Old Macdonald has a farm… and on that farm, he has a smartphone.
And, he’s not alone. This year’s Nielsen Rural Survey shows that 53 percent of all farmers own a smartphone, compared to only 16 percent in 2012’s survey. As expected, internet and device usage is most prevalent amongst younger farmers with Dairy farmers being the most connected, but sheep and beef farmers are catching up as on-farm technology drives connectivity and data usage. Seventy nine percent of young farmers are using smartphones, and one of the on-farm technologies taking the sector by storm is the software as a service application, agri360.
Agrimap, the company behind the simple yet exceptionally powerful app, has developed a cloud-based farm management software, focused on record keeping and communication. While it can be accessed from any device or PC, it’s primarily used on a smartphone. agri360 uses a detailed satellite farm map with every paddock detailed, the user taps on a field and records any information against it, be it fertiliser application, stock mobs, irrigation, soil testing, animal health, seeding or cropping. In fact any job that happens on the farm, at any time, from anywhere, on any device.
Released onto the market in November, the development and testing has been done with the help of a group of Southland farmers.
Matt Macdonald is one of these farmers and while professing to being “old school” when it comes to technology, agri360 has simplified life on his 956 hectare Te Anau farm. “It’s just so bloody simple.
“I used to have three or four notebooks floating around, a blackboard in the woolshed and when I needed information, I would run around looking for it.”
Macdonald now uses agri3560, on his phone every single day. “When I drench I pull out my phone make a note, photograph the batch number from the chemical and attach it to the record. The same applies with fertiliser, dipping and every other task I do.”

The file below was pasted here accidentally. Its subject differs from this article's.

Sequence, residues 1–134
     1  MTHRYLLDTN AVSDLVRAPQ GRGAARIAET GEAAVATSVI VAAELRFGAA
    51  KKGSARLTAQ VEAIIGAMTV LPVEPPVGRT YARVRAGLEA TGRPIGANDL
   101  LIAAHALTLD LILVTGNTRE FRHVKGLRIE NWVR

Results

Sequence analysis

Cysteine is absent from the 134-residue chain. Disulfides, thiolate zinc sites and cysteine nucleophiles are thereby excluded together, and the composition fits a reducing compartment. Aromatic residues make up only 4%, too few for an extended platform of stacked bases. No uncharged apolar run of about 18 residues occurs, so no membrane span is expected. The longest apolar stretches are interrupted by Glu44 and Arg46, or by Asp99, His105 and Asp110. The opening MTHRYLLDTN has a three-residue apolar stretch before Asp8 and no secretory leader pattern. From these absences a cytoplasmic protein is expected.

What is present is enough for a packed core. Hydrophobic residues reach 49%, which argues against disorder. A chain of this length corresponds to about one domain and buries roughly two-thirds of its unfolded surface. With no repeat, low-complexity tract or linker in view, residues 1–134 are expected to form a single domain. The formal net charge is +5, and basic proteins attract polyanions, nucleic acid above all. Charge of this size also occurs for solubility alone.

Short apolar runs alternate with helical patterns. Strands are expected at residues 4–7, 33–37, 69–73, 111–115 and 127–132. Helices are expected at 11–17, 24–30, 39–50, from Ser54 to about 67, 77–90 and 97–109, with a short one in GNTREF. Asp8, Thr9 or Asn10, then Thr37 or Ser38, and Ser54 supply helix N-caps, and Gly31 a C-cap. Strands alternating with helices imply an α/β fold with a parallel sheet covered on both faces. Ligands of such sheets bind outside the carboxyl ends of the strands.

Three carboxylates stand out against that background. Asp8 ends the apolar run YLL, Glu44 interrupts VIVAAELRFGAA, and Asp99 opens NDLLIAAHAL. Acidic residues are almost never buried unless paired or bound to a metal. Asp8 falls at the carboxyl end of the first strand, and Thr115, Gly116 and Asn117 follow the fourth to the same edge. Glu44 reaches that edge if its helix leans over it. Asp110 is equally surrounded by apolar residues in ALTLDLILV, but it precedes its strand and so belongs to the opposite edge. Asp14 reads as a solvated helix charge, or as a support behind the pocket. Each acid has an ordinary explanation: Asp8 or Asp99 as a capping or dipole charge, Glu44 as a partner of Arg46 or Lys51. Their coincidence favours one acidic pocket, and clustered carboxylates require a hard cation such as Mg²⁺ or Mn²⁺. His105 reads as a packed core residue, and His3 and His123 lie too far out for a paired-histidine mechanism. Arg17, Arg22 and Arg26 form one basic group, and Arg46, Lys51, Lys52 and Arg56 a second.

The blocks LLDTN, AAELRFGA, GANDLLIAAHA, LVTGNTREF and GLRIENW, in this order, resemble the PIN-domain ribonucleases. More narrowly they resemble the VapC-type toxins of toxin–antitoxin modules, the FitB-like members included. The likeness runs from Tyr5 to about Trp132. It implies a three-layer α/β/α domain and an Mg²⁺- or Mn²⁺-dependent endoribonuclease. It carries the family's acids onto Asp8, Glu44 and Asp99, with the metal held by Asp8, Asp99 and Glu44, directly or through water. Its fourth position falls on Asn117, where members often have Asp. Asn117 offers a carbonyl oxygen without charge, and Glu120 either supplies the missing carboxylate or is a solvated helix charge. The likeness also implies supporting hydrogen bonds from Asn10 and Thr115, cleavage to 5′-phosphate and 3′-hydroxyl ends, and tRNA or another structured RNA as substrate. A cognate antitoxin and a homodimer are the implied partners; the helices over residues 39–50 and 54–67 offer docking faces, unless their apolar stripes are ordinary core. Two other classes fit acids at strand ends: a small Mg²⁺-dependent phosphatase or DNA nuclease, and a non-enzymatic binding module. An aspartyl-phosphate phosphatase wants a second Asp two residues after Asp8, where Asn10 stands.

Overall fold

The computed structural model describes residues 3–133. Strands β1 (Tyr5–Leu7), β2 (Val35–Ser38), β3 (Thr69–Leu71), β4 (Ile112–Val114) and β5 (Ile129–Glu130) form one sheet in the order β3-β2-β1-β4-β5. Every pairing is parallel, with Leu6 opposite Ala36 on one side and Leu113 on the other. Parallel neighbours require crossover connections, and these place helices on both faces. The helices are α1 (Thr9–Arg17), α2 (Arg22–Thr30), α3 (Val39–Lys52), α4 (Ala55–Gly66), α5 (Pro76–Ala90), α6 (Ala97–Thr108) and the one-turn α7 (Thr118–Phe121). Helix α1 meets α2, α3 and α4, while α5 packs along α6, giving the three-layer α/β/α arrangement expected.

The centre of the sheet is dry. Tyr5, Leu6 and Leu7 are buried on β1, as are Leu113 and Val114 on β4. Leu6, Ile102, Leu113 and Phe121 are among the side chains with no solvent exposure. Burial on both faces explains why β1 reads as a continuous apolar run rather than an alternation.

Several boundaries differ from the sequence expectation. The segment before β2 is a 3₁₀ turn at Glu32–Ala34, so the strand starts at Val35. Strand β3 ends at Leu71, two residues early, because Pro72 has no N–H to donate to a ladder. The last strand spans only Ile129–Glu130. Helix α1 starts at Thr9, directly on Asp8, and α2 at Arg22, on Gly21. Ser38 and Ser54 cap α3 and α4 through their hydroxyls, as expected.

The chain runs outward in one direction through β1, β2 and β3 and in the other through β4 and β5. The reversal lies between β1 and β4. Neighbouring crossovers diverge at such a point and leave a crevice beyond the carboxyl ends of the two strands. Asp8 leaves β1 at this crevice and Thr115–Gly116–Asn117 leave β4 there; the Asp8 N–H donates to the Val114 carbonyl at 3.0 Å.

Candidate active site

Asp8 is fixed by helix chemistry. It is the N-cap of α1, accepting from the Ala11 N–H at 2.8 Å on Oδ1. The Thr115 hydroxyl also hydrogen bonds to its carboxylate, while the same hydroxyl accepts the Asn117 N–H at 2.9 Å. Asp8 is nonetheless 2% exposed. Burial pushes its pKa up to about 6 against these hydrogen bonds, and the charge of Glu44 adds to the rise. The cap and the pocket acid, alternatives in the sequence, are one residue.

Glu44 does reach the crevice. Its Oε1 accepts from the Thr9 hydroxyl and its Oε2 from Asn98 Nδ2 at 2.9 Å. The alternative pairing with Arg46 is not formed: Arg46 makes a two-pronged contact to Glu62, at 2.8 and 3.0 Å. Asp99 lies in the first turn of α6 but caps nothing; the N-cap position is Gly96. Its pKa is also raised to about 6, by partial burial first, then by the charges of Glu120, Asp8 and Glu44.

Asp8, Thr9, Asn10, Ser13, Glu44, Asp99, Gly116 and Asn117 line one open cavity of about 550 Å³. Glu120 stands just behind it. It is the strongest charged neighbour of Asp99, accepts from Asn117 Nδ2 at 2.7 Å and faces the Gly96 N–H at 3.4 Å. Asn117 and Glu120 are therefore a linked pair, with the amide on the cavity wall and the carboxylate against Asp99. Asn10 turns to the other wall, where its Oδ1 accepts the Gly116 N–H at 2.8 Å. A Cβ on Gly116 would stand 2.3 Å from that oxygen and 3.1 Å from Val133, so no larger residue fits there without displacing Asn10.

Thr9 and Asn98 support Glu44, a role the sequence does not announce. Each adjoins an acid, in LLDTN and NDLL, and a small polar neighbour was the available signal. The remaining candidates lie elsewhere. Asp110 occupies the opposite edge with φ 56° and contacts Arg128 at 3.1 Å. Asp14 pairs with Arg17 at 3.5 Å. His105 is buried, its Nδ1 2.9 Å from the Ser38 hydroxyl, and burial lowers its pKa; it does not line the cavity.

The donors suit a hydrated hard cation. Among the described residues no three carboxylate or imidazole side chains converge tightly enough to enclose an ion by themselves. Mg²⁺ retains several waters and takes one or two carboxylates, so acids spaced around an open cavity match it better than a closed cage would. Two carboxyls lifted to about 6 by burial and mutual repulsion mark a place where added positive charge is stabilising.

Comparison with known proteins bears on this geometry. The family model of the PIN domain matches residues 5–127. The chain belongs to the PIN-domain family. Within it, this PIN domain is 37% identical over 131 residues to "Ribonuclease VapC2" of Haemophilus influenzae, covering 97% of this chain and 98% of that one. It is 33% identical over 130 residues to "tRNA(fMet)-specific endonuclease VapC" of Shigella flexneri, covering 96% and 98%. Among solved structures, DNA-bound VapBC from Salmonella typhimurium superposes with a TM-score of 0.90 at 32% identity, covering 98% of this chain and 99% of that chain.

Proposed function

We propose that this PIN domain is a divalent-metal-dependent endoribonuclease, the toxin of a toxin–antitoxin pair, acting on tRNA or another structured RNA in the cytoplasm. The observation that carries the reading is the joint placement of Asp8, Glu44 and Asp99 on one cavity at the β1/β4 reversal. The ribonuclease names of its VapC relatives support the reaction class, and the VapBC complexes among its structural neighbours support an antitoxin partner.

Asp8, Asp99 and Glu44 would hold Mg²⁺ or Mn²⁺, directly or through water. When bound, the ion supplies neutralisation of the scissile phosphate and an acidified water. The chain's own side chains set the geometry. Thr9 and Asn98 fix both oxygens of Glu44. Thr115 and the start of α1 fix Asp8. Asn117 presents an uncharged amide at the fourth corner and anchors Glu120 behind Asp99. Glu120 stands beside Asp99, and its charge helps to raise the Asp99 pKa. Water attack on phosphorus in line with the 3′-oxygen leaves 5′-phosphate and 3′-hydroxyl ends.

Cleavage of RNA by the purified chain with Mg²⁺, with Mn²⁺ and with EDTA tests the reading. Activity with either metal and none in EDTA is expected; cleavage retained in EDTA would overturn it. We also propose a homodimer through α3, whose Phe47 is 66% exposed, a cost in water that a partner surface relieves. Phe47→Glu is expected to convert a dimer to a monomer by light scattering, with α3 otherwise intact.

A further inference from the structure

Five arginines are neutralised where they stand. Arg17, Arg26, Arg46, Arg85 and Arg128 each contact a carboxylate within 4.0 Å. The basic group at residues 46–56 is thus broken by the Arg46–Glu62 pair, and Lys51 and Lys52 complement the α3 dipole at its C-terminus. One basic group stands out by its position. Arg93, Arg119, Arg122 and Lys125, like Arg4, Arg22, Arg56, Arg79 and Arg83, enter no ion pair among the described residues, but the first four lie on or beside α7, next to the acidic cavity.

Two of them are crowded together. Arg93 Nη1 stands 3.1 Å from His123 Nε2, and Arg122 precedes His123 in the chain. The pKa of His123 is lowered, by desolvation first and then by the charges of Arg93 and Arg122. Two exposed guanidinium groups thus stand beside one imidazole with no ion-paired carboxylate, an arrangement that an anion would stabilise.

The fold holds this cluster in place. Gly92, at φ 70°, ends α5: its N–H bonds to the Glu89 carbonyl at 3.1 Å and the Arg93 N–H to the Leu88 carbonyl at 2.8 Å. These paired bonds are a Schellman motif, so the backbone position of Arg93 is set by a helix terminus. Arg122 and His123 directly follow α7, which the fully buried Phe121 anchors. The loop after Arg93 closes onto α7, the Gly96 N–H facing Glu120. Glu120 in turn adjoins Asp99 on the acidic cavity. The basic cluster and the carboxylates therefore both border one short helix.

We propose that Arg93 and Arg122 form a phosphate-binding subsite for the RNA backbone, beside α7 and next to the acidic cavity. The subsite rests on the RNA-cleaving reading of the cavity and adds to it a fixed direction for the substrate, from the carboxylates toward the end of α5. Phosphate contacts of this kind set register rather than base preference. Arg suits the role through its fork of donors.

Finding information is then so simple. When audited, or sending stock to the works, a quick search in agri360 and he can print off every report required. “I’ve got every bit of information I will ever need about my farm with me all the time, so if the bank manager needs something or the fertiliser consultant calls – it’s all at my fingertips no matter where I am.”
Being map based brings the component of absolute reality, says Agrimap CEO Andy Lowe.
“Farmers feel comfortable with this – it’s recognisable because it’s their farm and it all makes sense. And, any other person who has a working interest in the farm can log on and retrieve or add to the information in real time, from anywhere, on any device.
“In a rapidly increasing regulatory environment, the introduction of stricter compliance and record keeping means farmers, by necessity, will be looking for simple, effective ways to manage data collection,” Lowe says.
A sophisticated permissions function means multiple users can access the application with only the relevant information being available to them, be it the farm workers, advisers, consultants, contractors or overseas shareholders and farm owners.
The cloud-based platform balances people and process, meaning it treats management as a whole, not a segment. The ‘ordinary’ way farmers use management software is to address one very particular problem. While this one thing is done very well with the help of technology, it neglects the bigger picture.
“We have developed a simple outcome for users that goes far beyond this – it’s a complete tool designed to increase sustainability, efficiency and profit.”
Lowe recognises there is plenty of farming software on the market, but nothing with the simplicity of agri360. “The input of the group of Southland farmers has been invaluable. We have continued to upgrade and change the app based on their real-use feedback. They told us they wanted simplicity, access from anywhere, for it to involve the whole team, and to cover all aspects of the farming business – so that is what we have delivered.”
The software also has a very sophisticated search function similar in its abilities to that of Google. It holds the farm’s health and safety policies and the information it gathers can be used to satisfy the needs of many regulatory bodies and required record keeping.
The task request feature enables jobs to be automatically sent to the appropriate person and it will soon have the ability to record work hours for individuals. This is one of numerous upgrades already under development.
agri360 does not tell the farmer how to keep records – it allows them to do it in a way that suits – again a unique aspect of the software that was entirely driven by the requests of farmers, says Lowe.